[Show abstract][Hide abstract] ABSTRACT: The objective of this study was to assess the utilization of local anesthetics by emergency physicians (EP) and pediatric physicians (PP) who performed a lumbar puncture (LP) in pediatric patients from birth to 24 months of age.
We conducted a prospective study of children that received an LP at a university tertiary referring hospital. A convenience sample included children from birth to 24 months that received an LP for suspected meningitis in the ED or pediatric units during a one-year period. Physicians performing the LP were blinded to the objectives of the study. Data was collected using a standardized procedure form developed for this study.
Three hundred nine LPs were performed during the study period. Excluded patients consisted of 29 subjects who underwent moderate procedural sedation and 57 subjects that had incomplete procedural data forms. From our sample population of 223 subjects, 146 subjects received a local anesthetic prior to the LP. One hundred twenty six subjects received 1% lidocaine, 20 subjects received EMLA cream (with one subject that received both 1% lidocaine and EMLA), while 77 received no pre-procedural local anesthetic. The use of local anesthetics differed greatly with the age of the patient. Pre-procedural local anesthetics were administered in 65 of 120 subjects less than 12 months of age and in 81 of 82 patients 12 to 24 months of age. Interestingly, the neonatal subject population did not receive any procedural anesthetic by EP or PP. PP and EP differed in the type of local anesthetic utilized prior to performing a LP. EP exclusively used 1% lidocaine while PP preferentially administered EMLA. A subset analysis demonstrated that only PP utilized moderate sedation (Midazolam and Fentanyl) in 41/309 (13%) of the study population.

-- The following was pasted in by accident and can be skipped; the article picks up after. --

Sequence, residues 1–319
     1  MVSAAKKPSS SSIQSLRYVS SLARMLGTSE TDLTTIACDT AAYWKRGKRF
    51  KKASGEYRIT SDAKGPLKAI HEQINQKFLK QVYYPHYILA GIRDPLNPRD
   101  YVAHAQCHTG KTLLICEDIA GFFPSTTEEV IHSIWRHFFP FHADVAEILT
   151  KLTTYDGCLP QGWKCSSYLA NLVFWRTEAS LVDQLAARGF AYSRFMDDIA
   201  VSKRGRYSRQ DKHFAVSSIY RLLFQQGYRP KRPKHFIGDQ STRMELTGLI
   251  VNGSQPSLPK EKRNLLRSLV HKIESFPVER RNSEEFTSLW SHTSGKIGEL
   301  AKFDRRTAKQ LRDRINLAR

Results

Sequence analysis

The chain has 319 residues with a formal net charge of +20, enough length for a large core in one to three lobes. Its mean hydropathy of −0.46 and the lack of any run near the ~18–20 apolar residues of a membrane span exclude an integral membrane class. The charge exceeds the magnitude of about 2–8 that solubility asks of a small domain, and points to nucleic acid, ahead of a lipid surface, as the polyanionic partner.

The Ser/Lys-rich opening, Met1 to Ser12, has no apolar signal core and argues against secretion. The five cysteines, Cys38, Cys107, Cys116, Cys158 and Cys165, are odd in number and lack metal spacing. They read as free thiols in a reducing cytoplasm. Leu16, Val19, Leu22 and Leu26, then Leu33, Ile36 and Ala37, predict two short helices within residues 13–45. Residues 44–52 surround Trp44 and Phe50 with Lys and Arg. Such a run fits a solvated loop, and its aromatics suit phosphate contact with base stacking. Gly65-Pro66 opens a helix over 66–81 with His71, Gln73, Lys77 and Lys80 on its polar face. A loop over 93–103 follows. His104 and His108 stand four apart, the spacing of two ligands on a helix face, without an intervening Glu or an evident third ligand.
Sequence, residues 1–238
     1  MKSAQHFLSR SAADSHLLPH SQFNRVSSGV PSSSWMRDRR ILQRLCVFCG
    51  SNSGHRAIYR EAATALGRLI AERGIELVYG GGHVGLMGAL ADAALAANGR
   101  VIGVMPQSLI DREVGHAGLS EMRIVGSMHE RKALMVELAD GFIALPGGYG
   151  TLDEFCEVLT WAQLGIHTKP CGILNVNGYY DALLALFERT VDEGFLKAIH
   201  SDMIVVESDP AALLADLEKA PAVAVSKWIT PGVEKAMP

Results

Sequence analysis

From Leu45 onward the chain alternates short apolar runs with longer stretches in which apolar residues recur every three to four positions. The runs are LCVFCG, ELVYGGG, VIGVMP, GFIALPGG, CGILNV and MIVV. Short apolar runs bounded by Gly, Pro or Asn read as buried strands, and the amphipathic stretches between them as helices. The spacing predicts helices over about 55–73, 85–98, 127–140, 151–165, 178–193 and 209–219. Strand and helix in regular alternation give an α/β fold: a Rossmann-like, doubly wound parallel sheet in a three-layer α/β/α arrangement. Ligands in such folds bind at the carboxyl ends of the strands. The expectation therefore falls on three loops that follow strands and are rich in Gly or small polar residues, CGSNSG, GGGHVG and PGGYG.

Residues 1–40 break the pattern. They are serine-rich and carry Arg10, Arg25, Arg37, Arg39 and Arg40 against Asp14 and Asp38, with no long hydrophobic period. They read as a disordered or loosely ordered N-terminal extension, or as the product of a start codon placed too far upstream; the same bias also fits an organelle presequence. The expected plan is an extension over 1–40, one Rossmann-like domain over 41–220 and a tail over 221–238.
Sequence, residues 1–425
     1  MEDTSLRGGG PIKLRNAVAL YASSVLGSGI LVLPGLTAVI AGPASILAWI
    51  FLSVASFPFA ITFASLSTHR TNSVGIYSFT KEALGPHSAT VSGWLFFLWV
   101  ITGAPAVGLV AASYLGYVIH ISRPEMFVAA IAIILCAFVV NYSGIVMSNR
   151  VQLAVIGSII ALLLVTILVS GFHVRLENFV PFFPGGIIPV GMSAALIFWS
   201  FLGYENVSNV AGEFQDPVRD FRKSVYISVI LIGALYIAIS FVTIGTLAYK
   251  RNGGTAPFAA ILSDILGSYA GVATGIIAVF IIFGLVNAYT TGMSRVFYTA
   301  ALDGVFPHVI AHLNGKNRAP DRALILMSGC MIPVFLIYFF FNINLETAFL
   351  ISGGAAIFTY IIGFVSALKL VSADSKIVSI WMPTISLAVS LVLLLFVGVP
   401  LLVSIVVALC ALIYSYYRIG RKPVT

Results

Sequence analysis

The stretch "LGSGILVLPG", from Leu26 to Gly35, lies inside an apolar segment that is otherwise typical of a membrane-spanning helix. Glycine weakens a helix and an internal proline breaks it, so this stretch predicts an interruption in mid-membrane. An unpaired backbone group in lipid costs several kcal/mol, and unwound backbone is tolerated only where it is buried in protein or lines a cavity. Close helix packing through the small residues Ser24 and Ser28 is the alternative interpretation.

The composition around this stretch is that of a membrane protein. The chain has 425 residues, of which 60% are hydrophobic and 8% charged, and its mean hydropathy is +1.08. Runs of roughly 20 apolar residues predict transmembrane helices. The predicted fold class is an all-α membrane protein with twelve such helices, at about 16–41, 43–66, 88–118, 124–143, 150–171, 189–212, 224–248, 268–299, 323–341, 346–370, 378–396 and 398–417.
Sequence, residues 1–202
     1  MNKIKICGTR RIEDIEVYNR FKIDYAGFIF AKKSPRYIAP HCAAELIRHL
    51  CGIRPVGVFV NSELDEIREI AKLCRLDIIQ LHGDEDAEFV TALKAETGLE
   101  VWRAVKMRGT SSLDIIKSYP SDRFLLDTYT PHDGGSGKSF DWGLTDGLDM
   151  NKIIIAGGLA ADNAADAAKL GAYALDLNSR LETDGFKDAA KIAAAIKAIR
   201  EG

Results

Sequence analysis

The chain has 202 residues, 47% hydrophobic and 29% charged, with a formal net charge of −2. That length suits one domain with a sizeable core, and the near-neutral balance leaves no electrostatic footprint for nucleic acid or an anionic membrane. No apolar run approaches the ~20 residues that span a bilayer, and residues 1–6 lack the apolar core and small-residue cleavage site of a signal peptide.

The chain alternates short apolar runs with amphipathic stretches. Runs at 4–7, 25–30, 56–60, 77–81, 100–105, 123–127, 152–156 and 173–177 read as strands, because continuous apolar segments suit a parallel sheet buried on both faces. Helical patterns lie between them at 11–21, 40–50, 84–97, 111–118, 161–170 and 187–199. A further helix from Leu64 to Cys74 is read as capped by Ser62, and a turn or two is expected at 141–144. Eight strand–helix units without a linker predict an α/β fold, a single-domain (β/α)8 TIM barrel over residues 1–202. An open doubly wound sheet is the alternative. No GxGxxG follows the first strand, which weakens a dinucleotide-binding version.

This is the first study to demonstrate that EPs and PPs differ in their preference in the use of local anesthetics prior to LP and that procedural anesthetic is not universal within this pediatric age group and that utilization of a local anesthetic varies by patient age, with younger children less likely to receive a local anesthetic.
Local anesthetic; Lumbar puncture; Emergency physician; Pediatric physician.
Journal of Clinical Medicine Research 07/2011; 3(4):164-7. DOI:10.4021/jocmr584w
[Show abstract][Hide abstract] ABSTRACT: Spinal epidural abscess is a rare debilitating disease that if left untreated may result in serious morbidity and mortality. Most cases involve the level of 3 or 4 vertebrae, but in very rare cases may affect the whole spine. The most common pathogen found in spinal abscesses is Staphylococcus aureus, which involves approximately two thirds of cases. The recent introduction of methicillin-resistant strains of S aureus has left physicians with the challenging task of identifying and treating this serious condition.We present the only case reported of a methicillin-resistant S aureus holospinal epidural abscess with subsequent neurological follow-up over a 1-year period.
The American journal of emergency medicine 06/2009; 27(4):514.e7-9. DOI:10.1016/j.ajem.2008.07.041 · 1.27 Impact Factor